Tenuta Tech Coil Replacement: 10 Helpful Hints

Coil Replacement: 10 Helpful Hints

This week’s Tenuta Tech will provide you with ten interesting things that may help you become more knowledgeable about coils.

  1. If you built a coil with only tubes and eliminated the fins entirely, you would only get about 30% of the performance compared to the same coil with fins. It’s hard to believe, but the fins are responsible for a lot more of the performance than the tubes.
  2. You can’t interchangeably use a water coil for steam. Steam coils have a whole different construction, because steam is erosive. Steam coils have a thicker tube wall and an upgraded brazing process. In addition, you can’t have steam traveling through a coil in a serpentine manner like you can with water. Basically, it’s two different kinds of coils for two different applications.
  3. Hot water coils are identical to chilled water coils. The HVAC industry has arbitrarily named 1 and 2 row coils, “hot water” and 3 thru 10 row coils, “chilled water”. The water doesn’t really know the difference, because the construction is exactly the same. You need fewer rows when heating than you do when cooling. That’s why hot water coils are only 1 and 2 rows.
  4. There is only one difference between a chilled water coil and a DX coil. You can’t feed refrigerant through a M.P.T. connection and header arrangement, so you have to substitute a distributor in lieu of the connection. Attached to the distributor is “spaghetti tubing” which actually feeds however many tubes you want to feed. Other than that, chilled water and DX coils are identical.
  5. Fins are not flat. Unless you have “x-ray” vision, you can’t see into the depth of a coil and you can’t see that fins are stamped out with corrugations that run the entire height and depth of each fin. This makes the air bounce off the fins as the air travels through the coil. Hence, the coil is more efficient and you get better heat transfer.
  6. Fins are rippled at the entering air side of the coil. Again, this breaks up the air and causes more turbulence when the air hits the coil. This causes more efficiency and better heat transfer. This is a feature that you can actually see when you look at the coil.
  7. The “average” life of a coil is about 15 years. There are many coils that exist in systems for 25 or 30 years, however. Why do they last so long? This may not come as a shock to most you, but they are maintained properly. They are cleaned regularly, and the water and/or steam are treated properly. Do most maintenance people take good care of coils to make them last 25 or 30 years? Absolutely not!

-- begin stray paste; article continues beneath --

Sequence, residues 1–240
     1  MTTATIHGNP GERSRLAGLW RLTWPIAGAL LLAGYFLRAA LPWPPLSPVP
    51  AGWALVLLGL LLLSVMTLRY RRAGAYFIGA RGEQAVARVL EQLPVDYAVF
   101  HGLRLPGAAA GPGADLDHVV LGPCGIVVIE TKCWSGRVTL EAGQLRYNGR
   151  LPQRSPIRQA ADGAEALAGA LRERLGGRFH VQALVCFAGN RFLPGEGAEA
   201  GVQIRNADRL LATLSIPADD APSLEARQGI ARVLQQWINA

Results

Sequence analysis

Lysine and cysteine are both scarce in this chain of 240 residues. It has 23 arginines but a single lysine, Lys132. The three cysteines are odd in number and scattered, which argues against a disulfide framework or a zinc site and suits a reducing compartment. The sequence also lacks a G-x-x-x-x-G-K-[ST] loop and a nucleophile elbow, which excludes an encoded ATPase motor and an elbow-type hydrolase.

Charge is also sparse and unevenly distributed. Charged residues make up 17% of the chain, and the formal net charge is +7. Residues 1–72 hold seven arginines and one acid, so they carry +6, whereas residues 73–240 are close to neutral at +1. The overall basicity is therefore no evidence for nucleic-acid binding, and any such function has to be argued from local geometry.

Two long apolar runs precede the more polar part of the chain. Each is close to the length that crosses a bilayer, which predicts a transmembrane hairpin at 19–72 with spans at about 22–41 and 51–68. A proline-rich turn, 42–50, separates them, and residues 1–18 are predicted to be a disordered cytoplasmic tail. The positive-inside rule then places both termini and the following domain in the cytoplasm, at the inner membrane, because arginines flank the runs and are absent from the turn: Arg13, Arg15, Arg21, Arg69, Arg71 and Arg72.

8. There is not a major difference in performance between a 1/2″ tube chilled water coil and a 5/8″ tube chilled water coil. There is “some” difference, however. 1/2″ tubes are spaced closer than 5/8″ tubes so there are more tubes per row in a 1/2″ coil. Even though there is less surface area for a 1/2″ tube then a 5/8″, there are more tubes. When you figure it all out, there is just about an equivalent surface area when you compare the two types of coils. That’s why the performance comes out about equally.
  9. 1/2″ tube coils cost less than 5/8″ tube coils. Even though the performance is just about the same, there are less pounds of copper in a 1/2″ coil than a 5/8″ coil. This is because the wall thickness of 1/2″ is about 10% to 15% less than a comparable 5/8″ tube. You pay for copper by the pound, so if there is less pounds then there will be less cost.
  10. The cost of a coil is determined solely by the size of the coil and the number of rows and fins/inch. Things like casing dimensions, coil depth, connection size and header size have no impact on the cost of the coil. When a coil is bigger, then it costs more. When you change materials of construction or you make it more heavy-duty, then it costs more. All other stuff is just “icing on the cake”, and it doesn’t effect cost at all.

Knowing these things about coils won’t improve your social life at all, or give you conversation for your next “hot date”! You won’t be able to impress your kids with your vast knowledge of the HVAC industry. You will, however, be able to have an intelligent conversation about your next coil application and sometimes that’s enough!

Next Tenuta Tech: The Process of Building Coils